Falls in the elderly: making sense of the numerous causes

Today I consulted on a 90-year-old lady who had been admitted to the hospital for evaluation of frequent falls. Even though she was 90, she was a young 90. Very alert and interactive and with normal strength in bed and mentation.

Since falls in elderly is a common problem, I thought why not discuss about this here. Falls are an important cause of morbidity and mortality especially in the elderly. This is a complicated topic and I shall tackle it by first discussing about how we maintain our balance.

Balance in humans is maintained due to a complex interaction of various neurological and muscular systems. There are added inputs from the visual and auditory systems which help in maintaining stability.

Hence problems with balance and stability may arise from primary neurological conditions, either problems involving the central nervous system such as the cerebellum or the peripheral nerves as in neuropathies. The peripheral nerves carry the sensation of joint sense (where the joints are with respect to space, vibration sense and position sense (suppose you are standing on a cold floor. Even with your eyes closed you are able to make out that the floor is cold, is it even or uneven, is it soft or hard. Now if you had a severe neuropathy and had no joint sense or position sense, then if your eyes were closed you shall be unstable and liable to fall).

We also need visual and auditory cues to maintain balance  (imagine trying to walk to the bathroom at night in a pitch dark room. You shall be unsteady and liable to fall and hurt yourself).

Then there can be mechanical, neuromuscular and othopedic causes of gait instability.Example you have had a stroke in the past and hence you are weak in one leg, have had a fracture of one of the long bones of the leg or you have a myopathy, all these conditions make you prone to falls.

So how does one make sense of the numerous causes of falls in the elderly? Diagnosing the etiology of falls can be one of the toughest tasks in clincal medicine. At times in a given patient the etiology is multifactorial (combination of old age and general deconditioning, poor eyesight as we age, poor hearing as we age, superimposed neuropathy etc).

You need to see an astute physician who is willing to spend time to pinpoint the problem. The workup starts with a good history and a thorough neurological examination. Is the problem confined to the central nervous system or is it coming from the peripheral nervous system? Are there any orthopedic causes contributing to the problem? Does the patient have poor eye sight?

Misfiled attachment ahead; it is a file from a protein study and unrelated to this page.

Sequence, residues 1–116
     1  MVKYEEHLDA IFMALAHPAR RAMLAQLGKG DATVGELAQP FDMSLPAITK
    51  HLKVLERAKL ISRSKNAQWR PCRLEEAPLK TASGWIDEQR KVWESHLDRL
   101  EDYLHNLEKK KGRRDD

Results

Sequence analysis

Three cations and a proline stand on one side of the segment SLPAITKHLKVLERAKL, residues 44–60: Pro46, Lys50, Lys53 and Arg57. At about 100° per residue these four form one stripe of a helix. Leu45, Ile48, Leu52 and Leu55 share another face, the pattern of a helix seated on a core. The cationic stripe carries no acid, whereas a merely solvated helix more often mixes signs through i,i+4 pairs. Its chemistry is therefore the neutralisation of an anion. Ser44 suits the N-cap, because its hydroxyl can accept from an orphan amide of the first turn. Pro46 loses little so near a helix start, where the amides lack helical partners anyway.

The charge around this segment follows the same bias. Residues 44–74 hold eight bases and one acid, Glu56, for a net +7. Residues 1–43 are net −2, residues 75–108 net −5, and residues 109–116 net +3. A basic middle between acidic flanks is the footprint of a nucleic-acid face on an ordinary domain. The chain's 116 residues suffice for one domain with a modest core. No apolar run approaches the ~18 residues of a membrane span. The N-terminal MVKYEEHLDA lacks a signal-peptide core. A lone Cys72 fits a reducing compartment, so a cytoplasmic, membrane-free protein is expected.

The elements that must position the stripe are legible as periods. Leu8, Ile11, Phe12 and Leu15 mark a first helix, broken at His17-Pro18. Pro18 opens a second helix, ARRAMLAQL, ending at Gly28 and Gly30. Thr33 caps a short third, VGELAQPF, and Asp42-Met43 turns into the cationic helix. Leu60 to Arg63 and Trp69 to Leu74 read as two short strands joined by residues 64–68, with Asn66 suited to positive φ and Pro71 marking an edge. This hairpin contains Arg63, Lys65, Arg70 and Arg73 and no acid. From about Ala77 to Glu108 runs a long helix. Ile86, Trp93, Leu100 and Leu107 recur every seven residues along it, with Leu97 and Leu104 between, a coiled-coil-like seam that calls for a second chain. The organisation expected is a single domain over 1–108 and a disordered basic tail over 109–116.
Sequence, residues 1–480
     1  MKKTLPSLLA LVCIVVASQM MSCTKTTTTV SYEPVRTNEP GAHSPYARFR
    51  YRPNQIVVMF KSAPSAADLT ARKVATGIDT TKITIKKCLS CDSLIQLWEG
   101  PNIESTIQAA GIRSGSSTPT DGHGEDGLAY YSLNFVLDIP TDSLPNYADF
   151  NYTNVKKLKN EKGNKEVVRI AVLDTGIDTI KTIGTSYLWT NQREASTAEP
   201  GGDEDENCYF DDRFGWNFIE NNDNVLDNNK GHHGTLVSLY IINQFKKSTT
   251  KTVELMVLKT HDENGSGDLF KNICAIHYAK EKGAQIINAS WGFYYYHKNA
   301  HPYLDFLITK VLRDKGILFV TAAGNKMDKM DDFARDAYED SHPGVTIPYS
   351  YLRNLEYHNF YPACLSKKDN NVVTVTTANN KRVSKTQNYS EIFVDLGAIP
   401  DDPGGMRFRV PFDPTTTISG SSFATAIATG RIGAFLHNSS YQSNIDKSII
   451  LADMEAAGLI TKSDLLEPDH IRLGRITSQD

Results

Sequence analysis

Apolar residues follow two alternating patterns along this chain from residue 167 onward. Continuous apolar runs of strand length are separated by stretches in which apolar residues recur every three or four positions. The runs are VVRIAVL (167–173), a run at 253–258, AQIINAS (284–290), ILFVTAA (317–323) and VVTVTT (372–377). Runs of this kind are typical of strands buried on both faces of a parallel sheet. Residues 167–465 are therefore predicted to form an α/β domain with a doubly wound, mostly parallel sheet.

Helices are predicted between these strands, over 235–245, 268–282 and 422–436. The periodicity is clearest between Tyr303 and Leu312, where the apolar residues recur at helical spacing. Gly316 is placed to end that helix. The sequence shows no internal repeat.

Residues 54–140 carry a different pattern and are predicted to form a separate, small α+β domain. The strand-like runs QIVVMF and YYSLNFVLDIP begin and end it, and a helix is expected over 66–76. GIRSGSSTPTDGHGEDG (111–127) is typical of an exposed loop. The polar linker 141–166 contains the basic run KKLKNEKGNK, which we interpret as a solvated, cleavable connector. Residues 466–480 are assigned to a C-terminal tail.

Your doctor shall make you walk to see your balance, test your reflexes, test your coordination with the eyes open and then closed. Further workup may include an imaging study of the brain or spinal cord and nerve conduction studies.

So if falls are your problem or that of a loved one, please do see a doctor. You can be helped!!!

Personal Regards,

Nitin Sethi, MD

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2 thoughts on “Falls in the elderly: making sense of the numerous causes

  1. I have been reading a lot on fall prevention, simply because my father has been taking a lot of tumbles here lately. We have gone through our home and “dad proofed” every room in the house, moving furniture, changing flooring, and even as far as putting up baby gates across certain rooms. But I have found that I can not fully prevent him from every fall that is why I purchased ResponseLINK Emergency Medical Alert. He wears a pendant now sometimes as a necklace, and sometimes as a bracelet, so that if he encounters a fall. He just has to push the button on the pendant and the central station is alerted, they then alert us and medical services if warranted. One time he pushed the button by accident, and the operator responded in just a matter of seconds! She then called me to let me know that it was a false alarm, but just the added security of knowing he has someone when he needs it has really taken a strain off of my mind!

  2. That is indeed good information K, I have read about these medical alert bracelets. Also like your comment on “dad proofing” the house. Simple things like making sure the bathroom is well lighted, leaving the bathroom light on at night as a lot of falls occur at night when the patient wakes up to go and use the restroom, making sure there are no loose carpets, nothing which would catch your feet and cause a fall and like you did for your dad removing furniture with sharp edges and putting baby gates across rooms and at the top of stairs can go a long way in preventing falls in the elderly.
    I thank you for your comments and wish your dad my very best.
    Personal Regards,
    Nitin Sethi, MD

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